Many of those children — and a good number of grandchildren — flanked Carmen Riazzi and Ann Fitzgerald Riazzi ’59 during an on-campus ceremony in late September as the University recognized the family for its gift to the athletics department.
In honor of the Riazzi family’s contribution, the men’s basketball offices in the Cronin Athletics Center will be named the Carmen J. Riazzi Basketball Suite. In a short, heartfelt speech, Carmen Riazzi said that the University and the Dayton community have been very important to him and his family, and he wanted to help make the school just as special for future student-athletes.
“We have two children who graduated from UD, and the rest have always been close with the Dayton players,” he said. “We felt very strongly that we could help and this facility was what we needed to get other recruits over here.”
Son John Riazzi, an Oakwood, Ohio, financial analyst and member of the University board of trustees, said the suite’s location adjacent to the Frericks Center was a “perfect fit,” considering that his father was a close friend of longtime athletics director Tom Frericks.
“My father came to Dayton from Erie, Pa., and didn’t know a soul here,” John Riazzi said. “The community embraced him. The University has been so good to him and my mom and our family, and we wanted to give back. The basketball program provided him a scholarship and gave him an opportunity to go to college where he wouldn’t have been able to otherwise. That put him on the right path and gave us the family life that we have.”
Carmen Riazzi was known for his hustle and work ethic as a Flyers guard, and his teams reached the NIT championship games in 1955 and 1956. The 1955-56 team was No. 2 in the nation for seven weeks — the best ranking in program history.
Riazzi was a senior captain on the 1956-57 squad, which finished 19-9 and advanced to the NIT quarterfinals. He averaged 10.4 points and 3.3 rebounds.
The September event became a gathering of Dayton basketball royalty as Flyer legends came to the ceremony to honor their longtime friend. Don Meineke ’52, Don Donoher ’54, Bill Uhl ’56, Jim Paxson ’56 and Bucky Bockhorn ’58 sat with Riazzi at a table during a reception in Kennedy Union, sharing memories of their golden era of Flyer hoops.No Comments
A Flyer News editor asked me a lot of questions for a story last year, but only one really stumped me: What’s your favorite spot on campus?
The obvious answer came to mind: the Chapel of the Immaculate Conception. It’s been the heart of campus since long before any of us got here. It remains the center around which all of UD revolves, not only geographically but spiritually and in misson and purpose.
But I was one of 20 people on campus they were profiling that issue, and my guess is the other 19 had the same first gut response. We couldn’t all say the same thing. Plus, she had asked for my “favorite” spot, not most important, or most meaningful, most inspiring, highest, loudest, prettiest, funkiest, strangest or the one most likely to make going back into the office an impossibility. Some places make you want to just sit and think forever.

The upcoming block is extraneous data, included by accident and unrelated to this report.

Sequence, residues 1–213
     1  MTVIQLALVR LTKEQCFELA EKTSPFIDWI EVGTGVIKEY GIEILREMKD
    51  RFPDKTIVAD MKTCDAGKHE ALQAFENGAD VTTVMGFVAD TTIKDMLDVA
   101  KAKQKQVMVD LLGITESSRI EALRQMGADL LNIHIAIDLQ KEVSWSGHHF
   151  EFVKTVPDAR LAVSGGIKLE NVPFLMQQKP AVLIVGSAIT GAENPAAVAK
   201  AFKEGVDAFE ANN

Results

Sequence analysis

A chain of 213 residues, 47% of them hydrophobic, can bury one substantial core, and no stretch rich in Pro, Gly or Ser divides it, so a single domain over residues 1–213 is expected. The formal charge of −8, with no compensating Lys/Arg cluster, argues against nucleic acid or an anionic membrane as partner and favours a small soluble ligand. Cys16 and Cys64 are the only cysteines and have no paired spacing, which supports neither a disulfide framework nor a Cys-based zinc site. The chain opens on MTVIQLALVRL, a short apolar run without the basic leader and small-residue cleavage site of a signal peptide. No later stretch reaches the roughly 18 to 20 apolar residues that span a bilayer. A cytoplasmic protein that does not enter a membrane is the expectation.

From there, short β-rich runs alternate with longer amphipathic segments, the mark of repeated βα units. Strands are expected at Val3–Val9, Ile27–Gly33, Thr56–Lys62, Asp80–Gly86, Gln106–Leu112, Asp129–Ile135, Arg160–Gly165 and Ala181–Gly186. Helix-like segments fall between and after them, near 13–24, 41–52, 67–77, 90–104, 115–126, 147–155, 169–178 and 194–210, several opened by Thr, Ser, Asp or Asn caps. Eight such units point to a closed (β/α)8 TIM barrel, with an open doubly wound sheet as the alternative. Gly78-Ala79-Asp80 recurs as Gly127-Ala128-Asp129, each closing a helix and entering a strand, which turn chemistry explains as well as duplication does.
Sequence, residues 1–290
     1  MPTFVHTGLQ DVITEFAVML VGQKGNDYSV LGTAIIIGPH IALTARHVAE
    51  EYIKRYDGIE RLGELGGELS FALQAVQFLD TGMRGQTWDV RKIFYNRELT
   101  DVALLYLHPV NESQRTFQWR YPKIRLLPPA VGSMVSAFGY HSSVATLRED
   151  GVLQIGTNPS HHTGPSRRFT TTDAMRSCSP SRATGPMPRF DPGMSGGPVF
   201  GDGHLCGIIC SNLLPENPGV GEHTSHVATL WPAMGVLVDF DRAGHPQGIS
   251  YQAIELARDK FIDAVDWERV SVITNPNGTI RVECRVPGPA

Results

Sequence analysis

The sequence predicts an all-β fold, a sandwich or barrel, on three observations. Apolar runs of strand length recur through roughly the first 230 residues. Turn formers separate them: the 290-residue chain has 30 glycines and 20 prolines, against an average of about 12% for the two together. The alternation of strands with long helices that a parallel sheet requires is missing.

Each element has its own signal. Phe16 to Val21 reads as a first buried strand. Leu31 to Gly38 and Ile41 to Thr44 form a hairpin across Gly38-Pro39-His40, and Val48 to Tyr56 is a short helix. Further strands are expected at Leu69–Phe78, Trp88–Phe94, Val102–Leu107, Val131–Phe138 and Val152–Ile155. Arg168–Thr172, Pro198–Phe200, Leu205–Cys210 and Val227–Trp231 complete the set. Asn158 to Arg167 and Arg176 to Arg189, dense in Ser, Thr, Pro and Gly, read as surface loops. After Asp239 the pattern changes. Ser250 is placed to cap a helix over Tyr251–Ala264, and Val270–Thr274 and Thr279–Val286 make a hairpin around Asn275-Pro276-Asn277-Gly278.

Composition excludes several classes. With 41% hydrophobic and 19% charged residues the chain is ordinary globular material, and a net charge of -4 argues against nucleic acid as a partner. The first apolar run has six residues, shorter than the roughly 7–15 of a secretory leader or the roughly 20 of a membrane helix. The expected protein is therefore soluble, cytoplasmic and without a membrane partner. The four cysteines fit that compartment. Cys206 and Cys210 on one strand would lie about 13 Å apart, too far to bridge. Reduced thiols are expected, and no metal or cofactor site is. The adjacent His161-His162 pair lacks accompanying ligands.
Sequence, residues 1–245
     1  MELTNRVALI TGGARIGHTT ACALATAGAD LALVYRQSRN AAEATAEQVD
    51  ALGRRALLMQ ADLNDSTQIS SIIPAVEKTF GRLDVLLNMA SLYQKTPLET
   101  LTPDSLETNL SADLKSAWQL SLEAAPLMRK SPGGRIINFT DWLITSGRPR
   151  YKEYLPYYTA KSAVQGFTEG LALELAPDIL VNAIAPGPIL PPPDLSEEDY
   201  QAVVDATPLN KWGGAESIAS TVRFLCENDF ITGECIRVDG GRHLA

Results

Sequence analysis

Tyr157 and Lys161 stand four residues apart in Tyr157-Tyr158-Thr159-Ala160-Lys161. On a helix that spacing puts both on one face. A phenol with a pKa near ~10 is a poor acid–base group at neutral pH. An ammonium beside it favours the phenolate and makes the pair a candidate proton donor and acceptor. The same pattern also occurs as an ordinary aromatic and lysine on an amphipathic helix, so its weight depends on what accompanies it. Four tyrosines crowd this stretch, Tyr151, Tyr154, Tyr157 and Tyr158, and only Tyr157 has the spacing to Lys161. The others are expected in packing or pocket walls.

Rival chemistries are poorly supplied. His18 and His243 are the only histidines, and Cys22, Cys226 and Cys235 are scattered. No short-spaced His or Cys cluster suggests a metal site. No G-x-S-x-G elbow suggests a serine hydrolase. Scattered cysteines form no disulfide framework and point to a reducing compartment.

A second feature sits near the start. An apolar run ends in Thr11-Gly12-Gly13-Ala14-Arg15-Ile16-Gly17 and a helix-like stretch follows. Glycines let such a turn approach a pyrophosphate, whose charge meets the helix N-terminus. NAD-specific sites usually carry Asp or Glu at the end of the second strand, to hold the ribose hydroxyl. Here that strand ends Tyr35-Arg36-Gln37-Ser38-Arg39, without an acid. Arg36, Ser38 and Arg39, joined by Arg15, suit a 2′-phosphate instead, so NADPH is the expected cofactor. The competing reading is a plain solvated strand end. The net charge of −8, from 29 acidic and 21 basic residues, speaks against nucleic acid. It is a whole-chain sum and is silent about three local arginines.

My favorite, huh? The criteria were all mine to decide. If I could be anywhere on campus right now, where would I be? Posed that way, the question got a lot harder, but I eventually answered: Baujan Field under the lights at a Friday night soccer game in autumn.
No matter where I sit, the views are spectacular. From the north stands, next to St. Joe’s, the game unfolds from a television broadcast’s best camera angle. A line of ash trees and the student neighborhood shape the horizon, and from just below, we can hear nearly every word as Coach Mike Tucker coaxes his players and works the officials.
From the south stands, the view is field level, and the players gallop past at Division 1 speed. I like to sit right on the grass at midfield, often barefoot on a sunny day. Feet away from the edge line, we hear the players’ hurried chatter, a constant rhythm that buzzes between the smack-smack of cleat on leather that sends the ball flying impossible distances. St. Joe’s, majestic and colleagial, defines the horizon from this side.
Those two horizons, the brick edifices to the north and the student houses to the south, are another reason I love this liminal spot. If the chapel defines so much of what UD is and aspires to be, so too do places that symbolize the connection between learning and living, places where life’s ambitions and everyday experiences merge into a seamless whole of presence and continuity.
I could’ve named many such places, everywhere that students are learning that knowledge and service and leadership mean most when they are formed and shared in community. They do it off campus too, on retreats, internships and trips to study abroad, everywhere their education takes them. I like those places, too.
In these pages, we describe updates to the campus master plan, changes that have arisen from extraordinary opportunities we’ve seized to expand the physical campus. Some familiar spots on campus are being transformed — if you haven’t already, lay your eyes on the spectacular new Central Mall when you can. With the new land, the boundaries of campus have expanded, an adjustment of mental geography as much as physical.
There will be more favorite spots to choose among in the coming years — a residential complex on Caldwell that will be every bit as familiar to future students as Marycrest is now, facilities in the new GE Aviation building where students will spend untold hours becoming researchers, a University Center for the Arts near the corner of Brown and Stewart streets where creating and experiencing great art will change how we see our world, to name just a few.